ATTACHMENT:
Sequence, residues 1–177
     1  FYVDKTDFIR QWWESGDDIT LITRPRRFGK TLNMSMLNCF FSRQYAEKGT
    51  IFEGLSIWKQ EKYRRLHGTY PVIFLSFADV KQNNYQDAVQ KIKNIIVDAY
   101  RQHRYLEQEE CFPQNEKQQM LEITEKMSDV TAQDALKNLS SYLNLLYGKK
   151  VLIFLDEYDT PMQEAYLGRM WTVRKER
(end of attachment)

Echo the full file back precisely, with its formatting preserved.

Sequence, residues 1–177
     1  FYVDKTDFIR QWWESGDDIT LITRPRRFGK TLNMSMLNCF FSRQYAEKGT
    51  IFEGLSIWKQ EKYRRLHGTY PVIFLSFADV KQNNYQDAVQ KIKNIIVDAY
   101  RQHRYLEQEE CFPQNEKQQM LEITEKMSDV TAQDALKNLS SYLNLLYGKK
   151  VLIFLDEYDT PMQEAYLGRM WTVRKER